I, myself, personally intend to continue being outspoken and opinionated, intolerant of all fanatics, fools and ignoramuses, deeply suspicious of all those who have "found the answer" and on my bad days, downright rude.
I had not time to post today. I have been busy with the possible order of a Salona 38 for me and the specifications I want on the boat. The good news are things are looking good.
One of the things I did not like was the instruments out in the front cockpit and the plotter on the chart table. With a two wheel setup is difficult to have a nice pod set up that does not the boat look ugly. Look at this one they are proposing...not bad!
And about the keel and the bowsprit it seems that I am not the only one that want them. Just look at this new 41, prepared to do some serious racing, with the keel and bowsprit I want. They have already develop them
By the way, a new test on the Salona 41 by Yachtingworld magazine. They say about it:
The Salona 41 is a very sporty cruising boat, easily handled by a crew of two, and a real looker to boot. She is built to a high standard and is fitted with top of the range kit, including Harken winches. She has superb hull-keel strength from the lead keel being built over a steel skeleton which bolts onto the hull cage.
Salona has sold yachts to sailors who have competed in the Sydney-Hobart Race, which gives some idea of their performance. But she holds her sail well, is easily driven and effortlessly sailed short-handed.
AT THE HELM
Twin carbon fibre wheels are mounted astern of her German mainsheet system: a necessity for such a tall rig so the helmsman can reach the Harken 40, two-speed self-tailers.
DESIGN & CONSTRUCTION
The vacuum infused hull comprises a solid laminate on the bottom and hand- laminated polyester elsewhere. There are watertight bulkheads in bow and stern.
For: Excellent design and construction
Against: Unsteady chart table
I would be surprised if Salona did not become a household name among British sailors over the next decade.
Design and Construction 10/10
Sail Plan 10/10
Deck Layout 9/10
Living Below 9/10
Chart Table 5/10
The Translation is really bad. This is the translation of a test by the Doitch magazine "Yacht". "Yacht" is in my opinion probably the best sailing boat magazine (and I know a lot of them) and they don't like particularly French boats. They normally like X-Yacht, Arcona, Luffe, Finngulf, Swan and the like. I believe that I never heard them say so well about a French boat.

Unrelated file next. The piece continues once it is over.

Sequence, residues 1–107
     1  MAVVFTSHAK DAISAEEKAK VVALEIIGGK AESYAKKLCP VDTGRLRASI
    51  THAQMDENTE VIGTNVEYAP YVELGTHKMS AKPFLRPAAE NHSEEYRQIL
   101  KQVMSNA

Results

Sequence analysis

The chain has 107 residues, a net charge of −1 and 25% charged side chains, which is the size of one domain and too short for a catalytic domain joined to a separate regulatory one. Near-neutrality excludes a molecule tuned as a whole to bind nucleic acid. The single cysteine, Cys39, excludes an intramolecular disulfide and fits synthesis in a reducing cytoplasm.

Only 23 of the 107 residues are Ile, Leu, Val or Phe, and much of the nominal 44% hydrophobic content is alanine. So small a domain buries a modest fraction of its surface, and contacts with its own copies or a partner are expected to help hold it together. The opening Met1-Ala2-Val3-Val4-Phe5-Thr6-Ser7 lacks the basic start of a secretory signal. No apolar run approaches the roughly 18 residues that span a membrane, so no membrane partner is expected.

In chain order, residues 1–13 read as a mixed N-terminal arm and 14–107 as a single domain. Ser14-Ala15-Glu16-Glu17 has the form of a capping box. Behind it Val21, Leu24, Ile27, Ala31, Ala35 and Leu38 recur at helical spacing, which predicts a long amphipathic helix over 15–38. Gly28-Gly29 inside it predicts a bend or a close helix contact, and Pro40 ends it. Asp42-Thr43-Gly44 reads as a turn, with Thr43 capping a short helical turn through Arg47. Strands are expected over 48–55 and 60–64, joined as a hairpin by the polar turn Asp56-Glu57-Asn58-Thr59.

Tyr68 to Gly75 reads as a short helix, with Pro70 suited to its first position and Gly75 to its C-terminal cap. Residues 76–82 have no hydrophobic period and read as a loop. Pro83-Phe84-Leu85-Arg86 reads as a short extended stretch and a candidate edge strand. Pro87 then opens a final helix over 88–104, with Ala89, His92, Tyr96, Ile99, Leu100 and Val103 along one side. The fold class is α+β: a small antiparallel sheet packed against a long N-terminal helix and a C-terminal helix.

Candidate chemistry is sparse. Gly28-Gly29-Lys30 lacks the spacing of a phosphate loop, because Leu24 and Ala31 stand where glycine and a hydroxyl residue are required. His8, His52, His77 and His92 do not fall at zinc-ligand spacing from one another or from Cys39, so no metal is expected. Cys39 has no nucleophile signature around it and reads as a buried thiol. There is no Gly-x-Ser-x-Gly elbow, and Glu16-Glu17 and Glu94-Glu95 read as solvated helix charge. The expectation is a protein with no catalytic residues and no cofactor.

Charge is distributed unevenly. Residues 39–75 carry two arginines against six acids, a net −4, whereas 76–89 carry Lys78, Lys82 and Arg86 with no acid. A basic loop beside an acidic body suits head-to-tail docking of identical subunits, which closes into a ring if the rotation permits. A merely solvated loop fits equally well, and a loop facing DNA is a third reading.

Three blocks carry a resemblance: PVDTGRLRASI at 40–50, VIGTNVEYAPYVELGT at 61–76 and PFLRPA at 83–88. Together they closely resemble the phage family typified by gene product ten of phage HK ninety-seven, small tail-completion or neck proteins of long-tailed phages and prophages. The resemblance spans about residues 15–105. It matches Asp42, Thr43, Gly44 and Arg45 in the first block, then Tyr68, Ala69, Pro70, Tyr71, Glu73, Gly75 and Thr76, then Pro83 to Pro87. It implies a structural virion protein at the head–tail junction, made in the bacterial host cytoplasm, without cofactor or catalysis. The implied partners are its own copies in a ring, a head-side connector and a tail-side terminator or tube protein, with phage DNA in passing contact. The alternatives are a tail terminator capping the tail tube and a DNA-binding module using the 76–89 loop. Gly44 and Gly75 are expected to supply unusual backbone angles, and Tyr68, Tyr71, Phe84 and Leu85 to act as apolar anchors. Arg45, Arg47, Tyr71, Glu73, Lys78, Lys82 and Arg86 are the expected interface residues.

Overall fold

Look at the wind speed and the boat speed. I have sailed the same boat (the one in the photo) with about the same wind and I can tell you that those numbers are for real. The boat sails not far away from wind speed.
It seems you are about to make your decision, Paulo .
This is indeed a real cruiser-racer, very well built and considering your preference for more traditional designs with a comfortable interior, an excellent choice in my honest opinion.
I hope Salona will be able to meet your final demands and I very much look forward to your opinion, this time as an owner.
Actually I am quite certain I am going to like you as much in flesh and bone as I like to "talk" with you on the net, so you are invited to pass some days on my boat In Croatia and then you can see for yourself the differences to your new boat.
I have no doubt that the Pogo 12.50 will be an exhilarating boat to sail and a lot of fun, specially downwind over 20K.
I guess that the differences that led you to choose that one and I to chose another one (taking in consideration that I could not afford the Pogo 12.50) is because I like to voyage a lot, mostly on the med where there are not trade winds and also because I intend to live in the boat for some months each year. Even in what regards sail performance I value differently sailing qualities, and that of course, has to do with the use it is going to be given to the boat and with personal preferences.